Why isn't this "cheating" as bad? There are several possible answers. It may be because the senior teacher is commonly seen to be somebody who is more experienced as a teacher than your less senior original teacher. Whereas if you were to "get" postures from Youtube that you had not been given by any teacher, and practice them on your own, that would be a different story. Because Youtube is not a teacher. And what is wrong with learning postures from Youtube rather than from a teacher? Well, there is the question of safety: If you practice a new posture by yourself, your chances of getting hurt are probably higher, all other things being equal.

But maybe it's not just a question of safety. After all, who can guarantee that any teacher, no matter how senior, will be able to ensure that you perform a posture in complete safety? Perhaps the real issue is that if you "get" postures from Youtube rather than from a teacher, then the transmission of the posture is not done in accordance with tradition (which supposedly holds that yoga should be taught face-to-face, from a teacher to a student).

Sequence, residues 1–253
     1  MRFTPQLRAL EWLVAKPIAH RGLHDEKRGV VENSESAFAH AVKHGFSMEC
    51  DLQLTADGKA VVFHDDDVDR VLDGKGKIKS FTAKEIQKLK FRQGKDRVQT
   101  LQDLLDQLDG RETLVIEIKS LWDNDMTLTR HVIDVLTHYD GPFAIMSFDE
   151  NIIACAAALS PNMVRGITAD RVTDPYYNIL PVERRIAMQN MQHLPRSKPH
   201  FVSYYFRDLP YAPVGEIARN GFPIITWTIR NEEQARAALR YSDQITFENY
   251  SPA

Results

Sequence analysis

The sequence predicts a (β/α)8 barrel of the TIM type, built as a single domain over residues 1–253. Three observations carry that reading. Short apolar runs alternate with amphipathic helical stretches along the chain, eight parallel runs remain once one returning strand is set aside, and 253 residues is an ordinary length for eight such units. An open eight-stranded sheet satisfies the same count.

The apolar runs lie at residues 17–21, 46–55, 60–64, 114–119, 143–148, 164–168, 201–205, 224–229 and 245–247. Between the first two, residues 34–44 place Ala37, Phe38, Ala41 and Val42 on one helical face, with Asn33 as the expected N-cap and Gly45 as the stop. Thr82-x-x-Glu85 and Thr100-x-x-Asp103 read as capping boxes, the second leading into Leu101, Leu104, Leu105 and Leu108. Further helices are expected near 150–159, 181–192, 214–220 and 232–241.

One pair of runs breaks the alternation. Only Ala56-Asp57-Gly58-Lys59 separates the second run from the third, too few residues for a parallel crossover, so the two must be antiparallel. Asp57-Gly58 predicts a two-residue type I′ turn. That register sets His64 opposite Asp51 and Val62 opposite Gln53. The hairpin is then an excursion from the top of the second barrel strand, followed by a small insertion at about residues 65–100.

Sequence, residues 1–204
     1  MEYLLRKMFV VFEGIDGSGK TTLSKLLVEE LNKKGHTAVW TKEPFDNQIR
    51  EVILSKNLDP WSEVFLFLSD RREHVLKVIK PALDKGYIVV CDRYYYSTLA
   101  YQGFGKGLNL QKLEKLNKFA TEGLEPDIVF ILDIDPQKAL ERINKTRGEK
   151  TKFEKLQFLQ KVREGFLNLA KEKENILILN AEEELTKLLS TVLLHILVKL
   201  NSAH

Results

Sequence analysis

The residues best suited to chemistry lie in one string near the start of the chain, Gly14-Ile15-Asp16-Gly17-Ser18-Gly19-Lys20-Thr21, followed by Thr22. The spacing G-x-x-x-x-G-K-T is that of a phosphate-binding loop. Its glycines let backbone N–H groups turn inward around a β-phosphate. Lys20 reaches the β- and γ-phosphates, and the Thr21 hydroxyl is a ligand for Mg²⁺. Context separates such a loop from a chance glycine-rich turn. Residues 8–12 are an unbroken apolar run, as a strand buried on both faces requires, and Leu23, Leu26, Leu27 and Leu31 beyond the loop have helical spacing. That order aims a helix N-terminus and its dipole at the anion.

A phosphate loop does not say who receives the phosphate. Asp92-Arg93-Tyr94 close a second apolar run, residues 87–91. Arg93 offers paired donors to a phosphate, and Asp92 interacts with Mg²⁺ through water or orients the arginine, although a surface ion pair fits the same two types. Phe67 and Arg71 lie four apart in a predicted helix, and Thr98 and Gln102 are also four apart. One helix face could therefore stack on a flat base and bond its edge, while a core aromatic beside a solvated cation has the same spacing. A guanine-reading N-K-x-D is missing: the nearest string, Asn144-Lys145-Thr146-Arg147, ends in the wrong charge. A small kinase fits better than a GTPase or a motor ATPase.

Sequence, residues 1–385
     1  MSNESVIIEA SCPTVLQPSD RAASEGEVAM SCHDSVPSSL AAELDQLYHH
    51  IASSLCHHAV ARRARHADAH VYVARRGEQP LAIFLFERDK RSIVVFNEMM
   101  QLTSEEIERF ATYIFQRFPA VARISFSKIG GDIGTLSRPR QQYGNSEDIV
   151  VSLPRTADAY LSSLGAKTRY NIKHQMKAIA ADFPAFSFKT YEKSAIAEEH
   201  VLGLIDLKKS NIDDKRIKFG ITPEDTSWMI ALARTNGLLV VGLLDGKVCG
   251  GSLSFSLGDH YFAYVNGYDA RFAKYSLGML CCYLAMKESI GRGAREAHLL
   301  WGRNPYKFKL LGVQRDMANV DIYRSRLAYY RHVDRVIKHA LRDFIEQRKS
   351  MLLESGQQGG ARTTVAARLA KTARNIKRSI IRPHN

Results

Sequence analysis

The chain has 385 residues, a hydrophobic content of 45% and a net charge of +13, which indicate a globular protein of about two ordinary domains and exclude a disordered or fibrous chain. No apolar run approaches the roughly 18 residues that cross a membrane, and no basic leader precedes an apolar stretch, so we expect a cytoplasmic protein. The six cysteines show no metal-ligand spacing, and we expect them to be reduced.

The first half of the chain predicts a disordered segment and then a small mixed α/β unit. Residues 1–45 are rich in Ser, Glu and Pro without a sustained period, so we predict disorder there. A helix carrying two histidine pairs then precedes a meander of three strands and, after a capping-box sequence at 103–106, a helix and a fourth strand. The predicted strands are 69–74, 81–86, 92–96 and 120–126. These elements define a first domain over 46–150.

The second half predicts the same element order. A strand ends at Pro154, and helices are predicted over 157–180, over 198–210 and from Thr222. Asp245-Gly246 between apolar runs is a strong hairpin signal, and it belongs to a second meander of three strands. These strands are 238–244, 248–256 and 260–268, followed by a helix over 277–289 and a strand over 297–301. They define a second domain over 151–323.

Which brings us to (2). And this is where the "Grimmly phenomenon" comes in. Grimmly, as we know, has drawn considerable flak from traditionalist Ashtangis for having learnt at least the first two series of Ashtanga all by himself, from books and videos. The charge of these traditionalists, as I understand it, is that Grimmly has gone against tradition by learning Ashtanga and giving himself postures from books and videos rather than by going to a "proper" shala and receiving instruction the "proper", "traditional" way. Ah, Grimmly, why you so improper?! Do you not fear the might of the Ashtanga police? :-)